The Public Utilities Commission of Ohio last week rejected a request from American Electric Power to have customers subsidize two coal plants. AEP said it would have helped customers in the long run, but opponents likened it to a bailout.
So what will the ruling mean for future proposals?
The state’s utility regulators made an unprecedented decision when it comes to certain costs a power distribution company can and cannot pass on to the customer.
It all started with AEP Ohio’s electric security plan, which is essentially a blueprint for how a utility will provide generation services to customers. Among AEP’s proposal was a plan to have its ratepayers subsidize two coal plants.
This plan, also known as a Power Purchase Agreement or in short PPA, would compare the actual cost of generation at the coal plants to the market price. If the market price is higher, then AEP would credit the difference to customers—if lower then it would take the difference from customers.
“We think it’s the right thing to do,” says AEP spokeswoman Terri Flora.
Especially in light of where these plants stand and where the industry stands. We think it’s a benefit not only to customers but to Ohio in itself.
But the Public Utilities Commission of Ohio didn’t necessarily see it that way. The commission approved AEP’s overall plan, but struck down the coal plant idea.
PUCO spokesman Matt Schilling says there was too much uncertainty revolving around the proposal.
The evidence kind of showed that it could end up being a net benefit to customers where they would’ve received maybe about $8.4 million in benefits over the three-year term of this electric security plan but it could’ve been up to a $54 million cost as well.
Several groups, including environmental and consumer advocates, came out against the plan. The Sierra Club’s Ohio Chapter dubbed it a coal plant bailout.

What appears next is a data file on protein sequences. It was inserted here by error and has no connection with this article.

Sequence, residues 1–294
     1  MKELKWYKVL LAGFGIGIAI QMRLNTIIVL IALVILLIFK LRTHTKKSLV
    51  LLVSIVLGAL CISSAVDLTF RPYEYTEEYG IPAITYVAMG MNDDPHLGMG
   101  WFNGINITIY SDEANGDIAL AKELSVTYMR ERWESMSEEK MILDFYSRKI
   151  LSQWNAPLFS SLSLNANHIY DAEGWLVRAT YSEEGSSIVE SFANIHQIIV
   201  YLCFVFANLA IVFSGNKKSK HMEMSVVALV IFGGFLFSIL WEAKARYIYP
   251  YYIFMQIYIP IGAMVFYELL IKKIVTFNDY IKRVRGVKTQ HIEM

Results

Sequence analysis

“If you can’t make money in the market you’ve got to find other ways to make money with these units or you’re gonna have to sell them or shut them down and these are the questions our utilities are facing right now and so what they’re attempting to do is just force those costs whether these plants are competitive or not onto the customers so it’s no longer a risk for the corporation it would now instead be a risk on the consumer,” says the Sierra Club’s Dan Sawmiller.
Flora argues that that’s an unfair assessment and says groups such as the Sierra Club simply don’t like coal. She points out that there might’ve been more cost to consumers in the short term, but ratepayers would’ve seen more credit on their bills over the entire lifespan of the plants which would be 15 years or longer.
“The plants that we have proposed in both the ESP and the expanded PPA are efficient coal plants. They are very effective in what they do they’re good units and we want to continue that because again we think that they have a lot more to provide the state of Ohio and its customers,” said Flora.
This is the first PPA of its kind since Ohio started its transition to having generation sourced through market pricing. The good news—according to AEP—is that the PUCO did rule that this kind of PPA is legal, but this one just didn’t show a concrete benefit to customers.
The commission also laid out some criteria to offer guidance for any other utility that’s considering a similar rider for electric bills. And as it turns out that’s the boat Duke Energy and FirstEnergy are in right now—their PPA proposals are still pending with the PUCO.
But Sawmiller believes the commission has already drawn a line in the sand with their ruling.
Based on the criteria in this order here, I don’t see how they get more comfortable with the other proposals that are pending that have much higher financial stakes for customers.
Besides Duke and FirstEnergy—Flora says AEP plans to move forward with its other PPA proposal for a rider on four other coal plants.